Kimberly K. Comeau’s Moon’s Kiss is Science Fiction that doesn’t feel like Science Fiction, which works for me because I’m not a big Sci-Fi fan. The story follows Manerra, a young man in line to rule his country even though he has misgivings about accepting the responsibility, and Kayarra, the man thought to be a demon by most of the country.
While crossing the desert to return to his brother and ruler Aya’s entourage, Manerra discovers a group of cannibals about to kill Kayarra. Bound by his duties to protect all people, Manerra saves Kayarra’s live only to instantly regret it. It is clear just from looking at him that Kayarra is not of Manerra’s people–his coloring is far too fair–so Manerra makes the same conclusion that most of his countrymen do: Kayarra is a demon that will plague the county. Aya and his entourage of advisers nurse Kayarra back to health, much to Manerra’s chagrin, and teach him the ways of their people. As Kayarra travels with Aya and his entourage, the group is forced to deal with ensuring Kayarra’s safety; most people he encounters react with fear or hatred, which in turn causes Kayarra to fear them. Will they ever achieve this goal or will Kayarra’s presence put his protectors in as much danger has he finds himself?
Because the characters in the story are basically human, it was difficult to read this story as Sci-Fi. The bulk of the novel is about Kayarra’s adjustment to living in a new way, finding out where he came from, and the political implications and ramifications of keeping Kayarra in the group during Aya’s rule. As I mentioned, I’m not generally a Sci-Fi fan, so this format worked very well for me. I found the plot interesting and was surprised by the directions the story took. Because much of the story takes place on the desert, I found myself envisioning the setting as the Middle East. The humanity of the characters and that they are well developed also made the themes easy to relate to and compare to today’s society. There is some very clear-cut Science Fiction action later in the story, so Sci-Fi buffs take heart. There are also a couple of romances sprinkled throughout which provides a nice distraction from all the political intrigue and plotting.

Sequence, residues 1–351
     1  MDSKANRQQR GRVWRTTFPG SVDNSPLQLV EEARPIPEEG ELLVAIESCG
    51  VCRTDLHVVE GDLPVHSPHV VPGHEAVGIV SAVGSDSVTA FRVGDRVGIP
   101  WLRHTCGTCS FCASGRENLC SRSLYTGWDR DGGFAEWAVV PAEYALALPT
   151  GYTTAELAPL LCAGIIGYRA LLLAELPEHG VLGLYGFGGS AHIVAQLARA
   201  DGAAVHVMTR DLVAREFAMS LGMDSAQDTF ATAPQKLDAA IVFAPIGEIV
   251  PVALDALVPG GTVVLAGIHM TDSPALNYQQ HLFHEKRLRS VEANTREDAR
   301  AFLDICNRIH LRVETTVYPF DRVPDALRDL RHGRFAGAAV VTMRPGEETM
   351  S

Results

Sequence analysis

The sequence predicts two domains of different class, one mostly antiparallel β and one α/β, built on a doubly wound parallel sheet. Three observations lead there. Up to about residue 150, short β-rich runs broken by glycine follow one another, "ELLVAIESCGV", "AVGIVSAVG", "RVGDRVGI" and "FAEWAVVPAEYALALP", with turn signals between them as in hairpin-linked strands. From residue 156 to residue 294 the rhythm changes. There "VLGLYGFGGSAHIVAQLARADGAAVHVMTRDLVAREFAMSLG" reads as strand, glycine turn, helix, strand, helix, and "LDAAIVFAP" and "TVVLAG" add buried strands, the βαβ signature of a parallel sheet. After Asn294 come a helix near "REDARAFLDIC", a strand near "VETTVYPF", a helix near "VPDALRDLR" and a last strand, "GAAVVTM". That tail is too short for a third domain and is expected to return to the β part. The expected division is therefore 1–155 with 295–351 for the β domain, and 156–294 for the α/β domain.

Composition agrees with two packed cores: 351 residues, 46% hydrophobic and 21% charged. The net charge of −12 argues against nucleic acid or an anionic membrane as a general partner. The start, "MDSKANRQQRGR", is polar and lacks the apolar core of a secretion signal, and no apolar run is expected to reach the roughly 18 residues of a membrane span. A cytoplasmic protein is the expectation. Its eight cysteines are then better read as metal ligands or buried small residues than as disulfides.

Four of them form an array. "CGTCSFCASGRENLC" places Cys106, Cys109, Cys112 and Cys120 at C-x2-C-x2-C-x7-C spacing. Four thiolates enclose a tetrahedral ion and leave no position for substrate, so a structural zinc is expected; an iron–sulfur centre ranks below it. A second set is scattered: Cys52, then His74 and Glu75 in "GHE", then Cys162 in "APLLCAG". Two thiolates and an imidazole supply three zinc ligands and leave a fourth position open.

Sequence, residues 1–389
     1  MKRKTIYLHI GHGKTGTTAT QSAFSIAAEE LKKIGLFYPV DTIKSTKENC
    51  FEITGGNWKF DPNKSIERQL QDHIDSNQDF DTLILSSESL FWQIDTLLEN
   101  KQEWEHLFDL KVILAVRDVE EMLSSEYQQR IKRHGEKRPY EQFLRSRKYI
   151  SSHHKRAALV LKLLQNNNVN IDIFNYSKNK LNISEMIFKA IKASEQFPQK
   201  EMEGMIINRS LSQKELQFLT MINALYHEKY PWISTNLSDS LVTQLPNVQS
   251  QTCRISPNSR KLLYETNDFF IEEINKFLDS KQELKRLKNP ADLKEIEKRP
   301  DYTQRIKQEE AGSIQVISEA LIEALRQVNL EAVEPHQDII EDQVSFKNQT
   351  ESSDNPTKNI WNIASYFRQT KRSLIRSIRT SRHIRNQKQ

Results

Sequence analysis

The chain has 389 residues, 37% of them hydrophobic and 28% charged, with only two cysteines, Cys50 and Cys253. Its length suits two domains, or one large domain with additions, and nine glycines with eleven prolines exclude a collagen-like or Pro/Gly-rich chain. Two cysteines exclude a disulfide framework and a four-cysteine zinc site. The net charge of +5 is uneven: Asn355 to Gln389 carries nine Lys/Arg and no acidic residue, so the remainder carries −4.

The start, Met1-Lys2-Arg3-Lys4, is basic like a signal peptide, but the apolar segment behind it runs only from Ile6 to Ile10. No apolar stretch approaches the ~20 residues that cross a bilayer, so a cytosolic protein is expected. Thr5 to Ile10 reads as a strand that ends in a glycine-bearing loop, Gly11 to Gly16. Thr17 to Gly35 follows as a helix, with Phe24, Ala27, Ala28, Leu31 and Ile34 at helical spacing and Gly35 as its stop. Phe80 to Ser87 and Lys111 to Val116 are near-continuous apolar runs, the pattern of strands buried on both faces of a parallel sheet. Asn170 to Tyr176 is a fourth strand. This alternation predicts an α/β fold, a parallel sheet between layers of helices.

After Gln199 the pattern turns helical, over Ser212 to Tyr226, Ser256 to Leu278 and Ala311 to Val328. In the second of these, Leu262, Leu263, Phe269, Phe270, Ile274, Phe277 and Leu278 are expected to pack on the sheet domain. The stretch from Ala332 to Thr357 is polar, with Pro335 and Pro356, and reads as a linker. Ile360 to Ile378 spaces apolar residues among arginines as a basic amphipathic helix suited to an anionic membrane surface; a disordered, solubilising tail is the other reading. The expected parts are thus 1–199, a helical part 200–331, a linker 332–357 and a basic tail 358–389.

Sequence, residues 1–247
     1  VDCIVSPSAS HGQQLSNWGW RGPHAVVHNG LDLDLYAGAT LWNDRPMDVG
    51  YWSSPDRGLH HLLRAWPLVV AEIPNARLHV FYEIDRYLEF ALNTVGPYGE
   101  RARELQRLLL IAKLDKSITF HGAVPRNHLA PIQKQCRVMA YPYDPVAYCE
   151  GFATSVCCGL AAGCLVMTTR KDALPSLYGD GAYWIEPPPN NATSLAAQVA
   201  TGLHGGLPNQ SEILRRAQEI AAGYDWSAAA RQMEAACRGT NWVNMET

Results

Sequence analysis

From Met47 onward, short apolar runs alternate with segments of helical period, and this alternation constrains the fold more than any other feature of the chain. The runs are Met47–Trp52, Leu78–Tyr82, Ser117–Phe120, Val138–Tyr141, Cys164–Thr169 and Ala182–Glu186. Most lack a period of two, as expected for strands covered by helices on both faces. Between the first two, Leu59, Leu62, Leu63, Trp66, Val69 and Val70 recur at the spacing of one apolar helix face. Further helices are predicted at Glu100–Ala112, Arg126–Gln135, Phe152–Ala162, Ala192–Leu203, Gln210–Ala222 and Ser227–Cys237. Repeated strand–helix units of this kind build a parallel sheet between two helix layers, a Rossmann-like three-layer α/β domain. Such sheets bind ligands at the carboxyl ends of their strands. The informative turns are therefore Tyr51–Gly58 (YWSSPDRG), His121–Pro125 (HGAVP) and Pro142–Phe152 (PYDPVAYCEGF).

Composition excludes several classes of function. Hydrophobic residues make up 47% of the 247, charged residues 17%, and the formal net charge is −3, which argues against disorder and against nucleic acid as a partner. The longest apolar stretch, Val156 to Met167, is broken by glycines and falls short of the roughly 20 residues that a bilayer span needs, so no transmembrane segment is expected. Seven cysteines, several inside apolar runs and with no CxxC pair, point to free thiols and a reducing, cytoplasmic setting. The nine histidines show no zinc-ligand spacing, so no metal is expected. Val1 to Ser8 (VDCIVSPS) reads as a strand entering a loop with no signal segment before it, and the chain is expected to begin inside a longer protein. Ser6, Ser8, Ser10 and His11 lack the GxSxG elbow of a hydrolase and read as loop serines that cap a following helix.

Be prepared to hunker down with this novel. Moon’s Kiss is long at 408 pages. While the bulk of those pages are interesting, there were a few scenes that I felt could have been edited out, not due to poor writing just because I felt they gave nice insights to the culture but did not move the plot along.
I enjoyed reading Moon’s Kiss. The story and characters are engaging overall, and anyone who is a Science Fiction fan should enjoy the story. Non-Sci-Fi fans looking for something different would enjoy Moon’s Kiss‘ political focus, its romance, and underlying theme about what is really means to belong.
About Moon’s Kiss
They found him in the South Ofrann Desert, where everything evil lived.
Manerra, heir to the tribes of Yatra, intends to abdicate–until his rescue of a man-thing from cannibals pits brother against brother and tribe against tribe. Prevented by decree from harming the creature, Manerra pledges to drive it away . . . and adds another layer of guilt to his already troubled mind.
Rebuffing all counsel, Aya, the nation’s ruler, takes steps to prevent bloodshed in future meetings between his people and the foreigners, and by so doing, hands his enemies the means to secure his downfall. As political maneuvering and violence escalate, there’s one wildcard that no one’s considered: the “demon” Kayarra. Who is he, what is he, and what do his people want?
Genre: Science fiction
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About the Author
Kimberly K. Comeau was twelve when she began writing, fifteen when she published her first story, and eighteen when she won her first literary contest. Since then, she’s published short fiction, poetry and nonfiction, served as director of an online writers’ workshop, and co-founded PC Quill, a critique group comprised of award-winning writers. She lives in Richmond, Virginia, with a musician husband and two fiercely protective cats.
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